A worker cleaning a Raani Corp. chemical tank in llinois last year was burned over 80 percent of his body when by a 185-degree solution of water and citric acid – and his supervisor refused to call 911.

Carlos Centeno arrived at Loyola Hospital Burn Center 98 minutes later – after having first been driven to a local occupational health clinic by a co-worker. He died of his injuries three weeks later.

In a gripping account of Centeno’s accident and the hazards at the Raani Corp. facility by the Center for Public Integrity, “They were not thinking of him as a human being,”  the Center’s Jim Morris and WBEZ ’s Chip Mitchell reveal the dangerous conditions faced by many of America’s 2.5 million temporary, or contingent, workers – a workforce injured more frequently than permanent employees, and whose injuries often go unrecorded.

OSHA enforcer calls for criminal prosecution

An 11-page OSHA memorandum obtained by the Center argues that conditions and safety breakdowns in the Bedford, Illinois plant warrant criminal prosecution — a rarity in worker death cases.

Raani’s “lack of concern for employee safety was tangible” and injuries in its factory were “abundant,” Thomas Galassi, head of OSHA’s Directorate of Enforcement Programs, wrote in the memo to David Michaels, assistant secretary of labor for occupational safety and health.

“The EMT’s were horrified and angered at the employer, for not calling 911 at the scene and further delaying his care by transferring him to a clinic instead of a hospital,” Galassi’s memo says.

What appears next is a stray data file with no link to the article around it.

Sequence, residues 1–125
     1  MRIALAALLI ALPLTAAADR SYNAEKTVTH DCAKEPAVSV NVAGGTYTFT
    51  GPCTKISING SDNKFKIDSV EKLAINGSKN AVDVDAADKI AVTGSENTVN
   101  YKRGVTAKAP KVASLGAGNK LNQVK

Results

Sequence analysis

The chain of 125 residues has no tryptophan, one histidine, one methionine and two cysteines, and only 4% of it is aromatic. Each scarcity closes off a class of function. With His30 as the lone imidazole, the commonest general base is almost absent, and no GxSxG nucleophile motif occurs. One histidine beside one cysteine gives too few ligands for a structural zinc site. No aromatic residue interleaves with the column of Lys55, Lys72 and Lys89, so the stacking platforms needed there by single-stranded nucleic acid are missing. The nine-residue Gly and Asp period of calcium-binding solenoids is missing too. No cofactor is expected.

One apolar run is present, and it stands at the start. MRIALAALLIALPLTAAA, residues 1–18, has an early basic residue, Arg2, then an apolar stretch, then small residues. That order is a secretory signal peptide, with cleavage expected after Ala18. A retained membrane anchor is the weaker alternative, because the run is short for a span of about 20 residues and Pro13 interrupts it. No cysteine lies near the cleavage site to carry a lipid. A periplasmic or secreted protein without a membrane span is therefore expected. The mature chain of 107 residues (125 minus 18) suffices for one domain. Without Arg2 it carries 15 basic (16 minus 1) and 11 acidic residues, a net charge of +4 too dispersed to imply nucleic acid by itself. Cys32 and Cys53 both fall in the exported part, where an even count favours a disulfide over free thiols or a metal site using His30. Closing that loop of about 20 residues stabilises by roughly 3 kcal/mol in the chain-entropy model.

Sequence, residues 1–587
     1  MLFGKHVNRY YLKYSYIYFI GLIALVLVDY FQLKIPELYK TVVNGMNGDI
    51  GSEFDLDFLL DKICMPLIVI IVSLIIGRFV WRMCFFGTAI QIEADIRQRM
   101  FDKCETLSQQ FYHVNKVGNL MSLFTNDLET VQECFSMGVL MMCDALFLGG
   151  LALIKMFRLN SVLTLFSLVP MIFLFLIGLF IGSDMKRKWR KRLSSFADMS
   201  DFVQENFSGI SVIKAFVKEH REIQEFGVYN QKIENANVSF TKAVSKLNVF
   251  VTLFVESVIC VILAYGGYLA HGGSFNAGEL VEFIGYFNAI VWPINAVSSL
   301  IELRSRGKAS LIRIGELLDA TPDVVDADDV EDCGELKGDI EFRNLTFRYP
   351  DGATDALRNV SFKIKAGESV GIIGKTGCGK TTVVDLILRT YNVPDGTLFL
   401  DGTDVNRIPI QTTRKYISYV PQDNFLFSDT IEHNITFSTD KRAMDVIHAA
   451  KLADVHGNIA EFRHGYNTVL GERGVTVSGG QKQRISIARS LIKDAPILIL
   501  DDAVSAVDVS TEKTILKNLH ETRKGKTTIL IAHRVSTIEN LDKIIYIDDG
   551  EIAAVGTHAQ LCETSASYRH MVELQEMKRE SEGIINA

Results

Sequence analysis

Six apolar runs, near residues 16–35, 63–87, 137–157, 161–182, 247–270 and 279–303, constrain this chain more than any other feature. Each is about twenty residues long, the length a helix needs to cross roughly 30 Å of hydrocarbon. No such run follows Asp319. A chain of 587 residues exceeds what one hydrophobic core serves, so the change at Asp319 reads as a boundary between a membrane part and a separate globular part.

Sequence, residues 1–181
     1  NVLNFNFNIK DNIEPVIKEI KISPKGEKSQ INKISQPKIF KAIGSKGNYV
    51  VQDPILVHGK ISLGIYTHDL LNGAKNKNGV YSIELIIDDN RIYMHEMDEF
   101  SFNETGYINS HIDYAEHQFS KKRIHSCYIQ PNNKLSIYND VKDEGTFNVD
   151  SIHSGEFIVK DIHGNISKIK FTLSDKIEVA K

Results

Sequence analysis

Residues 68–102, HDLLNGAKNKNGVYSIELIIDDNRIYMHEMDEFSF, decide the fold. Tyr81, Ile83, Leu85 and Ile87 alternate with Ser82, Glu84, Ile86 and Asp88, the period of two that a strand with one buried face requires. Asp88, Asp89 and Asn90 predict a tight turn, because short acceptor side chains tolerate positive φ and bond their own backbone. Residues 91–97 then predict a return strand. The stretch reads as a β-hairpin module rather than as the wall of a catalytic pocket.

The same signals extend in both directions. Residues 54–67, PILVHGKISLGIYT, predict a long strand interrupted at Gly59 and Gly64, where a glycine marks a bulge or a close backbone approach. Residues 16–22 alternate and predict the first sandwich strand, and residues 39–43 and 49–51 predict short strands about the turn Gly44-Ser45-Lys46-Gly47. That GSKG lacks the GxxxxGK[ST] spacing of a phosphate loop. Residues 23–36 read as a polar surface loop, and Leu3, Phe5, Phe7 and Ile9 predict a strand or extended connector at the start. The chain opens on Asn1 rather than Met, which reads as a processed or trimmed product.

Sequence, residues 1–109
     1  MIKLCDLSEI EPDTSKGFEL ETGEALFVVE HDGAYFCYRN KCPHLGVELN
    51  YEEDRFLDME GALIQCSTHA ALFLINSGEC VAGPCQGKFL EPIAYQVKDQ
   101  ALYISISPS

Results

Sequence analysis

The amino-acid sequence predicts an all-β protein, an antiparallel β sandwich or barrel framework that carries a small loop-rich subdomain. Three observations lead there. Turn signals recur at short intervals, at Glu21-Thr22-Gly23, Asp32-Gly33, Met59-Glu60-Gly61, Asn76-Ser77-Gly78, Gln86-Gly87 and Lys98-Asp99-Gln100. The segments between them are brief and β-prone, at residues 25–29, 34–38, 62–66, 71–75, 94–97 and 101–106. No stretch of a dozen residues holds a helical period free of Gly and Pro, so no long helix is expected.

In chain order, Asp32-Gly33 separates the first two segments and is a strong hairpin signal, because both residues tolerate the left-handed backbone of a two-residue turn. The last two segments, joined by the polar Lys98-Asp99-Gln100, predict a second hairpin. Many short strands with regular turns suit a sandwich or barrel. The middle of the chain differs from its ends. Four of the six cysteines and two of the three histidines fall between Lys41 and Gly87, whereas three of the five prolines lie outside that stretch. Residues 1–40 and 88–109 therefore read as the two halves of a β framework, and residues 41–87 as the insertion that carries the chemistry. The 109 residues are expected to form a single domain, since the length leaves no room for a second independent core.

According to the memo:

  • Workers at the facility were often hurt and injuries were not properly recorded
  • Inadequate PPE was in use. An OSHA inspection the day after Centeno died found workers handling corrosives and while wearing only medical grade latex gloves. Employees interacted with high temperature liquids wearing only latex gloves and tee-shirts.
  • A manager explained that employees could obtain thick gloves if they wanted to use them, but they were kept in the maintenance department “because they were expensive and the employees stole them.”

Centeno wore no protective gear other than rubber boots and latex gloves in the factory, which makes household and personal-care products.

The "most disturbing" case he ever encountered

Raani managers failed to put Centeno under a safety shower after he was burned and did not call 911 even though his skin was peeling and he was clearly in agony.

“On May 15, OSHA proposed a $473,000 fine against Raani for 14 alleged violations, six of which are classified as willful, indicating ‘plain indifference’ toward employee safety and health,” according to the Center’s report. “No decision has been made on whether the case will be referred to the Department of Justice for possible prosecution, agency spokesman Jesse Lawder said. OSHA hadn’t inspected the Raani factory for 18 years prior to the accident.”

Centeno’s accident was not an isolated incident. Galassi’s memo indicated five injuries at the plant since 2010 that went unreported, a host of others involving chemical burns and cuts that were common at the plant. “One worker who had been burned and whose skin was peeling was told by a manager “to leave it alone, it wasn’t dangerous,” he wrote.

John Newquist, who retired from OSHA in September after 30 years with the agency, said the case was among the most disturbing he encountered as an assistant regional administrator in Chicago.

“I cannot remember a case where somebody got severely burned and nobody called 911,” said Newquist, a former compliance officer who investigated more than 100 fatal accidents during his career. “It’s beyond me.”

Click here to read the article by the Center for Public Integrity.